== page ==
Don’t get me wrong, I used to love fireworks. I remember, as a kid, the 5th November was cold, I mean properly cold. It was a Michelin man quantity of layers and still toes go numb kind of a cold. Not this dark soggy humid pretend sort of cold that seems to have come hand in hand with the noughties. That is fine by me, as I am not one of those people who relishes my blood being unable to heat up my furthest extremities. Give me heat and humidity every time.
It is not the apparent change in temperature which has marred my enjoyment of these colourful explosions. It is, I think, what happened to me on that tube last year. I wasn’t very close to the bomb, the explosion I heard wasn’t shocking or deafening, but now I am pathetic with any sort of sudden noise. They do not have to be loud, or even unexpected. Last week I watched as a bottle of Champagne was opened in the office. I have cracked open enough in my time to know it will result in a noise, a pop and a fizz kind of a noise. I watched, I waited, the cork flew out and simultaneously, unexpectedly, I screamed. The shriek was met with surprised stares followed by nervous laughter. ‘Holly that was pathetic’ someone said and don’t I know it, but it’s beyond my control.
I have seen glorious displays of fireworks all over the world. I greeted each explosion with a whoop and a laugh whilst revelling in the thud deep beneath my ribs. One day I hope to rediscover that exhilarating joy but this year I fear it will remain far from sight.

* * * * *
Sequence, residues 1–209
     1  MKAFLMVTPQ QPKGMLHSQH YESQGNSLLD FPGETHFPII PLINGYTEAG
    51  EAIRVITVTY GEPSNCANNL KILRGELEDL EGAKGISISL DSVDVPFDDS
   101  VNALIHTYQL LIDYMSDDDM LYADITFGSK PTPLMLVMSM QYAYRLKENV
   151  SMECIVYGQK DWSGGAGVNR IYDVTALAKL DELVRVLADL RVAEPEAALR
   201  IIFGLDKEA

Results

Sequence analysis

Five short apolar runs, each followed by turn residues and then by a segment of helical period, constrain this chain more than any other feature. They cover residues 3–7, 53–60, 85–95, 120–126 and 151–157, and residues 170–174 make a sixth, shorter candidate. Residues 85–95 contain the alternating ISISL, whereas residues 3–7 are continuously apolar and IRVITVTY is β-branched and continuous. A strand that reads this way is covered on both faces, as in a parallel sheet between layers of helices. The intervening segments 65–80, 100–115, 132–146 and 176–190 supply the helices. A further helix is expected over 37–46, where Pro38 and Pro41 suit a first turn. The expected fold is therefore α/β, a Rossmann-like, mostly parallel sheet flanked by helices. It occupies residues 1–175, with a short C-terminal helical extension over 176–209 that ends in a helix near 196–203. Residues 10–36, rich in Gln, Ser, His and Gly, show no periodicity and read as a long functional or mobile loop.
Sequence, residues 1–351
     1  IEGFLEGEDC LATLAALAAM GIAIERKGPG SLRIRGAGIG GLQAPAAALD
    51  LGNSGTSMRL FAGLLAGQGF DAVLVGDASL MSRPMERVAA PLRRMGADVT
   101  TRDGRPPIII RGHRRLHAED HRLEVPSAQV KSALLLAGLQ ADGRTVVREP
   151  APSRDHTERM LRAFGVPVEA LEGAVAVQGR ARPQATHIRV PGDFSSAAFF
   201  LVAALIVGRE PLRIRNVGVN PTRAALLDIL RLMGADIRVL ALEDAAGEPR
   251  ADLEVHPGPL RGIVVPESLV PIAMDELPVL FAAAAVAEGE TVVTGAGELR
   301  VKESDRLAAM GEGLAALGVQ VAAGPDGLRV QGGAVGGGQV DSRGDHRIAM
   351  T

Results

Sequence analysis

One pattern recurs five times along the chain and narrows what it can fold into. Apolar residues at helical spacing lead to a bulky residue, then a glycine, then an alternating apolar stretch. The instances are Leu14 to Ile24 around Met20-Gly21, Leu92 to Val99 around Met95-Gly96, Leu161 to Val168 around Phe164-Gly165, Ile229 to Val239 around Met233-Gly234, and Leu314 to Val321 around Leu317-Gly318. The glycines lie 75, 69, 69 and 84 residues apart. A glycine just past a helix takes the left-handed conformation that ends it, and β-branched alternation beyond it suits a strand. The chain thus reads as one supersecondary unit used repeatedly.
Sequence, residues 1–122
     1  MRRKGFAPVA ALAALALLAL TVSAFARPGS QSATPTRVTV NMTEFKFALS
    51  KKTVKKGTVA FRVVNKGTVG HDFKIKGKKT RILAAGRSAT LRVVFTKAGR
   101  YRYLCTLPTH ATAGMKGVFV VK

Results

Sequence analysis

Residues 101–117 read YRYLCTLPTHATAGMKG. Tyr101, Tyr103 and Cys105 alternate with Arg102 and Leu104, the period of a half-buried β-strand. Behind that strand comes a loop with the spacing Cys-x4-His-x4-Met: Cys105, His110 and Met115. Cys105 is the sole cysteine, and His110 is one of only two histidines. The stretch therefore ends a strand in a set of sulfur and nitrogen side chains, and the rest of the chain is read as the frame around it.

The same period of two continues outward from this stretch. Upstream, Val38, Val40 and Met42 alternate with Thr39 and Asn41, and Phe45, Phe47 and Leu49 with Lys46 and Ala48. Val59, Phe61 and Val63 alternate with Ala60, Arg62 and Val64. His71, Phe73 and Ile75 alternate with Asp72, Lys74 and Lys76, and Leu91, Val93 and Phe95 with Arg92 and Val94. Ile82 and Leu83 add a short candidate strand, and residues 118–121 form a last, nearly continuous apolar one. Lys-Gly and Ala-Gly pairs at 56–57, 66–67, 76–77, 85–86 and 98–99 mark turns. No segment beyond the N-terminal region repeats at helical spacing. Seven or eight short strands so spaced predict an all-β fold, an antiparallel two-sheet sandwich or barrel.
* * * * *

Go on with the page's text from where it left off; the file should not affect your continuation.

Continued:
I know what they are when I hear the boom, it doesn’t even help when I can see them. Each bang and blast hits me with a sickening horror and fills me with terror and sadness. It’s stupid and irrational but I cannot overcome it. Fireworks take me back to bombs and death, sadness and guilt, all wrapped up in a beautiful display of glowing colour.
Last year I barricaded myself behind closed doors, turned the TV up loud and hit the bottle. This year I will be in a craggy fishing village on the north coast of Cornwall. I hope to join the locals at the mouth of the harbour and watch the explosions amongst the rapturous crowds. Perhaps the excitement will be contagious and they will help me to dispel my fears. I think it’s too soon to hope for enjoyment, but I am not going to run away and hide. I will force myself through because I want to overcome it. I don’t want to be a firework fearing casualty for the rest of my life. I want to be able to ooh and aah with a smile across my face that is true and heartfelt.
I don't know when that day will be or if I will ever find it. I don't want to forget but I want to move on and fireworks still take me back. I wrap myself in the comfort that others will be going through the same. Not only those from the tubes that day but our troops coming back from Iraq. The dogs will not be the only ones cowering under the kitchen table on the 5th November, and I will be thinking of all of you who will be down there with me.